Before there was the novel, there were the stories...

by Nan Hawthorne, who also writes under Christopher Hawthorne Moss, Books and Stories b ChristopherHawthorne Moss at

Tuesday, October 20, 2009

New Stories: Sad News for the Queen's Family (Happened)

Summer 769

osephine and her cousins and the other men and women of the resistance force were camped around a low fire when Cingen appeared in their midst. The look on his face caused all smiles and laughter to abruptly cease. The eldest cousin, the archer Ruallauh, called to his brother, "Cingen, what news?"

One of the others stood to lead Cingen to sit down and got him a cup of ale. "My brothers, I have the saddest of news. You know I was seeing what I could learn near Keito Uxello. Our father, Earl Ceretic, is dead."

A soft sigh of sorrow emerged from all who sat in company. Cingen went on. "Ruallauh, my brother, you are now the head of our clan and the Earl of Keito Uxello and all our lands."

The archer sat still with his head bowed, his face frozen in grief.

Another man at the fire spoke. "Earl Ceretic was a great man, a champion of his people. Earl Ruallauh, you shall lead us as he did."

Cingen added, "I tried to go to our mother somehow to offer her my love and comfort, but I could not gain access to our fort. I did observe early in the morning however, and though I did not see Mother to speak to her, I did see the Breton Elerde and one other, deep in conversation." He looked at the Queen, who sat dressed in a cot and chausses like the men. "My lady, it was Rory McGuinness!"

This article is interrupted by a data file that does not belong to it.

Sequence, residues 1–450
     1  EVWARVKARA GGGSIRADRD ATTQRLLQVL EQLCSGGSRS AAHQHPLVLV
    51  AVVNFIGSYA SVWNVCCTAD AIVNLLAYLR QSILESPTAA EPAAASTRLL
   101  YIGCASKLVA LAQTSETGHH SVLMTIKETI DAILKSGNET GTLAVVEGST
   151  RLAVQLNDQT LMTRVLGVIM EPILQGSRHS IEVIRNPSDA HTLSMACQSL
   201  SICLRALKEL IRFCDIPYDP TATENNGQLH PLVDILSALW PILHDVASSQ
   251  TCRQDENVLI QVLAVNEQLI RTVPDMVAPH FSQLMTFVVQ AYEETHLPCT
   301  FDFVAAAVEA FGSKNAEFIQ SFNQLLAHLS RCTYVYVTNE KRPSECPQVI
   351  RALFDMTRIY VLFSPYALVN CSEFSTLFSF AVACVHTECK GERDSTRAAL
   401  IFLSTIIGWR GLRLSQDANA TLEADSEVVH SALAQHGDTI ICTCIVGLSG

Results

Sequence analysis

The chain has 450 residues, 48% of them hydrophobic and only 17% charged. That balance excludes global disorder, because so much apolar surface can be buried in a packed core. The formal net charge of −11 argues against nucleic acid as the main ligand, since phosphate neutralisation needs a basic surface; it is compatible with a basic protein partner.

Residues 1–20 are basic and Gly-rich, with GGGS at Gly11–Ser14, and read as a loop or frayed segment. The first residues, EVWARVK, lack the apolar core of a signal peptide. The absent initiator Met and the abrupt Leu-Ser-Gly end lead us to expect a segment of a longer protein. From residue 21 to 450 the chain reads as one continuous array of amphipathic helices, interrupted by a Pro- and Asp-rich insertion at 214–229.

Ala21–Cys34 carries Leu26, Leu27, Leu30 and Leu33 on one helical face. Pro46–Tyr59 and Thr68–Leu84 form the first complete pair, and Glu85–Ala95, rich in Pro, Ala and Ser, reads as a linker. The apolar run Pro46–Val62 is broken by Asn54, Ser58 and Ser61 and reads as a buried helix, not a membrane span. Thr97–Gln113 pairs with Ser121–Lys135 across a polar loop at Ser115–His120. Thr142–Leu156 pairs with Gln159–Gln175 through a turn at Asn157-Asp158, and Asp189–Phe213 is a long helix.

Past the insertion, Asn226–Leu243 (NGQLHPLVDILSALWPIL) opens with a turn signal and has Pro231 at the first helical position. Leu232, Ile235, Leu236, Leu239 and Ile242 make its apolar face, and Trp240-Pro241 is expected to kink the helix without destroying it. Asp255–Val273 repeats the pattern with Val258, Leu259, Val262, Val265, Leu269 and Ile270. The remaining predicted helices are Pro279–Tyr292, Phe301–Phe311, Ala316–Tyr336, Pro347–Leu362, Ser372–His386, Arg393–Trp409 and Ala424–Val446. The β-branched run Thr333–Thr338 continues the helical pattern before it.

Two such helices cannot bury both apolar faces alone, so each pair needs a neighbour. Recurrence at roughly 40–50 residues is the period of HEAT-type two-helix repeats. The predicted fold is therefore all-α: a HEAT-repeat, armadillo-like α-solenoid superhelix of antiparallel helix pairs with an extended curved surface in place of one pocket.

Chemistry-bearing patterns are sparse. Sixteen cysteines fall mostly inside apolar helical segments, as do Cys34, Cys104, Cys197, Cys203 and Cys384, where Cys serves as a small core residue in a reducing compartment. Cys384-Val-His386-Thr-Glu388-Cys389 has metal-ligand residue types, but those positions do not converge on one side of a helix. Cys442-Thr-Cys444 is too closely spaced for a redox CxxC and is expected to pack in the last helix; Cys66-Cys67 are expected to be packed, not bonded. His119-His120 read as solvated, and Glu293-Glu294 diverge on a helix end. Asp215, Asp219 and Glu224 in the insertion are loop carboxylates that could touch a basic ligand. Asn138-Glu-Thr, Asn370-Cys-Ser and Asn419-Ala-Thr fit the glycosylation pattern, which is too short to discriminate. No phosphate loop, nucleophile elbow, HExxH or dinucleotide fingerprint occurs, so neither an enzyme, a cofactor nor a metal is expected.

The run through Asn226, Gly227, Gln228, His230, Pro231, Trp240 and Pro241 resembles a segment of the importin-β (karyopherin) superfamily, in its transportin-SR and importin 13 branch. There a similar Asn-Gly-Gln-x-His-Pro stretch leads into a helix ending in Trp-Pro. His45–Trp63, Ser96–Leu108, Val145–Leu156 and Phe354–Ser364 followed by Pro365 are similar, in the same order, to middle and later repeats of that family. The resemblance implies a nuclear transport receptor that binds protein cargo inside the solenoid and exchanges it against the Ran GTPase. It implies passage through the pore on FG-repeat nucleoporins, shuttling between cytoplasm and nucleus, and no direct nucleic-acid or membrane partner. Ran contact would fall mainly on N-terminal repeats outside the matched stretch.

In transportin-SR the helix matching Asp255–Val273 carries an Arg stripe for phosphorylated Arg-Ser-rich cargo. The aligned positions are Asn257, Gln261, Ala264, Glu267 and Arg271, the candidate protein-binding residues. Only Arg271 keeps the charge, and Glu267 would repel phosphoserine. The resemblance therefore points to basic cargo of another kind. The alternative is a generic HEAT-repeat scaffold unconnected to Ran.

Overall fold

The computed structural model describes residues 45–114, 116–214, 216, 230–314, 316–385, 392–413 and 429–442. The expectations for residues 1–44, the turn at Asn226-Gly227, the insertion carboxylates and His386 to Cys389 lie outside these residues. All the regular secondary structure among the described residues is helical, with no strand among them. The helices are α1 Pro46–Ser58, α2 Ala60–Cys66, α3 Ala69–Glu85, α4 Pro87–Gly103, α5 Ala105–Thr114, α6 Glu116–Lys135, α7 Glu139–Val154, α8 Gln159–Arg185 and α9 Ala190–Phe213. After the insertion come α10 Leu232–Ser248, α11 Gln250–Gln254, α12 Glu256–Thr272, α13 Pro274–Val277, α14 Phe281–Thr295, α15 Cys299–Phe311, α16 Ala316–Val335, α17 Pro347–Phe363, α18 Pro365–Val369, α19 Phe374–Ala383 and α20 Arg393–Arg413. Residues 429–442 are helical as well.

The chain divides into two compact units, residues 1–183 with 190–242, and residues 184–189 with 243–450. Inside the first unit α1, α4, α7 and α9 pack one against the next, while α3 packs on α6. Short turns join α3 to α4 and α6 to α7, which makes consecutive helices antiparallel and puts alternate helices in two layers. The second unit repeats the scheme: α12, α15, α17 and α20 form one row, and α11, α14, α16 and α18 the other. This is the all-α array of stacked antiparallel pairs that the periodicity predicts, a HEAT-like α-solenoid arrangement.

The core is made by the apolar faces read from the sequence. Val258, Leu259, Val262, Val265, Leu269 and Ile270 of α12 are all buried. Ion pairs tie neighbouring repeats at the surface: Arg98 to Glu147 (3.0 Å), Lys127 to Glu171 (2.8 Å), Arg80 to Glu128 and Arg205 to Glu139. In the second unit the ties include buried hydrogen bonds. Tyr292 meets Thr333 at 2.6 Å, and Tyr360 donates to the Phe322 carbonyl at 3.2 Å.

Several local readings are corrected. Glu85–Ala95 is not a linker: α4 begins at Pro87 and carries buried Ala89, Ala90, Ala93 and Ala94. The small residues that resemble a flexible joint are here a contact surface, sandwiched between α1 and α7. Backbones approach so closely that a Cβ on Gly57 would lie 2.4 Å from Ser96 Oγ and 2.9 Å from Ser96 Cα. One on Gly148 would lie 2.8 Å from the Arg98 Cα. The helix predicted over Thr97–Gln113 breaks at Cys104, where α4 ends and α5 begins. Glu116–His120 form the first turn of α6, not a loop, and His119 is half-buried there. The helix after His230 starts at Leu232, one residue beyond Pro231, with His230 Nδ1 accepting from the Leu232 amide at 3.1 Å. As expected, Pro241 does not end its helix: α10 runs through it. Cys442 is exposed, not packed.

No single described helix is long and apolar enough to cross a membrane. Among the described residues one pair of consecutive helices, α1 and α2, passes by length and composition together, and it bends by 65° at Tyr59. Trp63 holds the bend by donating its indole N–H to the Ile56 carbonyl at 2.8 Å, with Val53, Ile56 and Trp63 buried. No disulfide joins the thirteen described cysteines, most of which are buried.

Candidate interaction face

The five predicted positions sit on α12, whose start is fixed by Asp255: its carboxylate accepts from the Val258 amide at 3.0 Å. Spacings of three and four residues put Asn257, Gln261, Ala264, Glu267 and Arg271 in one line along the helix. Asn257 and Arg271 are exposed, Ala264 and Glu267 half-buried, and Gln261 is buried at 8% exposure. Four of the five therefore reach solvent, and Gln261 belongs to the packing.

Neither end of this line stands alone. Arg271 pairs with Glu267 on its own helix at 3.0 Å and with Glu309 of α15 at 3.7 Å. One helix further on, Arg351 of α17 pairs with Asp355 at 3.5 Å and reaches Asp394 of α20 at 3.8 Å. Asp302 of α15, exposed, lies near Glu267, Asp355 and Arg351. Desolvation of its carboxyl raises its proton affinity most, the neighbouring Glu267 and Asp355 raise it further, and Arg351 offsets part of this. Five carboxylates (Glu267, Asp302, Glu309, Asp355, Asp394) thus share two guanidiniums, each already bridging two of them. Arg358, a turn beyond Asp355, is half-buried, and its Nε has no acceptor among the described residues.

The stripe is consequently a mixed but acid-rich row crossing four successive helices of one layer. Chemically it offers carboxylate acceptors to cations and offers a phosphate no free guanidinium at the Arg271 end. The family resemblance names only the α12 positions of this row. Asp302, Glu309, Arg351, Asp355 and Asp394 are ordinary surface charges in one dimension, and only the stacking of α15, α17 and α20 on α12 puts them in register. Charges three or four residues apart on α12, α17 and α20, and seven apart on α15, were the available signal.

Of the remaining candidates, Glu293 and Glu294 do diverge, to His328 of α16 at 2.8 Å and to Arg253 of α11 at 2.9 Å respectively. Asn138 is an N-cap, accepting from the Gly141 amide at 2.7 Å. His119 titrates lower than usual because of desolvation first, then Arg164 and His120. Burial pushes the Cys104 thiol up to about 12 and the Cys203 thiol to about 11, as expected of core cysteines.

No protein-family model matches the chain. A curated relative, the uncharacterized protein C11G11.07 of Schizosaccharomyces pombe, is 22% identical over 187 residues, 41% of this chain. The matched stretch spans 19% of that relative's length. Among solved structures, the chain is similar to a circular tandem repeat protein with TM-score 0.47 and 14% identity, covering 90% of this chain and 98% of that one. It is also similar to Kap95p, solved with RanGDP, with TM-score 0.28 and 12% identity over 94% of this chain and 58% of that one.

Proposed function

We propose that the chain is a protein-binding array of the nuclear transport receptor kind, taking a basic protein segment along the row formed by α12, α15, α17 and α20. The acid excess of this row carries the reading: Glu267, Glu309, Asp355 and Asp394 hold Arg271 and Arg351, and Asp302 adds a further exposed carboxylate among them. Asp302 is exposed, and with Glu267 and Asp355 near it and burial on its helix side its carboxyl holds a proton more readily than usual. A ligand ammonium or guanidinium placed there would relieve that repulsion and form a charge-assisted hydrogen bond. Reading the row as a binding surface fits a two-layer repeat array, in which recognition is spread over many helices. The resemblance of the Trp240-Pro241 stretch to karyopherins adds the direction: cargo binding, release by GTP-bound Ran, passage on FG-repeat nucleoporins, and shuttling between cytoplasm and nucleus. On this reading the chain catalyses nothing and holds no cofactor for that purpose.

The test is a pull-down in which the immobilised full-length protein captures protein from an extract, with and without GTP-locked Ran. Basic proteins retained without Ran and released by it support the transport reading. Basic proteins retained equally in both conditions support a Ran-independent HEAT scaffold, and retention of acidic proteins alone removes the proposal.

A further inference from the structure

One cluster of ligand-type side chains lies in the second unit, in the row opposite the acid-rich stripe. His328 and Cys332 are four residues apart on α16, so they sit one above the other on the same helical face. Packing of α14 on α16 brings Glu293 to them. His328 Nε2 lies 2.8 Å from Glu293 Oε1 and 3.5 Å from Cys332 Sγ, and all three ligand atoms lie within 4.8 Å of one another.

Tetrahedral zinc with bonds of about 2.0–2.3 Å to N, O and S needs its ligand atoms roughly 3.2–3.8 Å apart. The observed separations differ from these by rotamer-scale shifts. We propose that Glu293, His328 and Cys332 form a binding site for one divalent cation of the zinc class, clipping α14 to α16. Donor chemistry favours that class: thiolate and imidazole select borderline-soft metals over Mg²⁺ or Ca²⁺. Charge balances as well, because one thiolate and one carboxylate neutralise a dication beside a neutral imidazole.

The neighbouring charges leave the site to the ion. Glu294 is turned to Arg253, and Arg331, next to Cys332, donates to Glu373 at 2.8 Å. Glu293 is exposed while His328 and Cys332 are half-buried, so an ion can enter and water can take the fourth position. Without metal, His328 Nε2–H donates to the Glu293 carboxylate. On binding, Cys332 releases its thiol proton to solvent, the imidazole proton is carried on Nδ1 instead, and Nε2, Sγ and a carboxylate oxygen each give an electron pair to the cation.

Josephine looked up sharply. "Rory? What is he doing with Elerde? Of course, he must be spying. But what a risk, since others at the fortress would know him! Might he have been captured and being held?"

Cingen glanced uncomfortably at his brothers Ruallauh and Ioruert. Then he looked back at his cousin. "There was no appearance of distrust, my lady. The men seemed thick as thieves. I know not how to ask this.."

Josephine's eyes flashed. "{Nay, Rory would ne'er betray me. He has some purpose, which we shall know soon enough. Now let us not think of this but pray for our dear father, uncle and leader. In spite of the calamity that has befallen this land, I am grateful that I was here to see and honor him before he died. I can but hope that Rory is with my aunt to comfort her." She looked at Cingen again. "And you did not see Shannon O'Neill?"

Cingen smiled painfully. "Nay my lady, nor should I think to. 'Twas far too early for that fellow to have risen."

The Queen nodded. "Well, I hope that he did not come there, as I believe Elerde may recognize him from before my lord the King sent the Breton away."

Next: An Uncomfortable Reunion

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About the author

Nan Hawthorne now writes under the name Christopher Hawthorne Moss. You can contact Christopher at .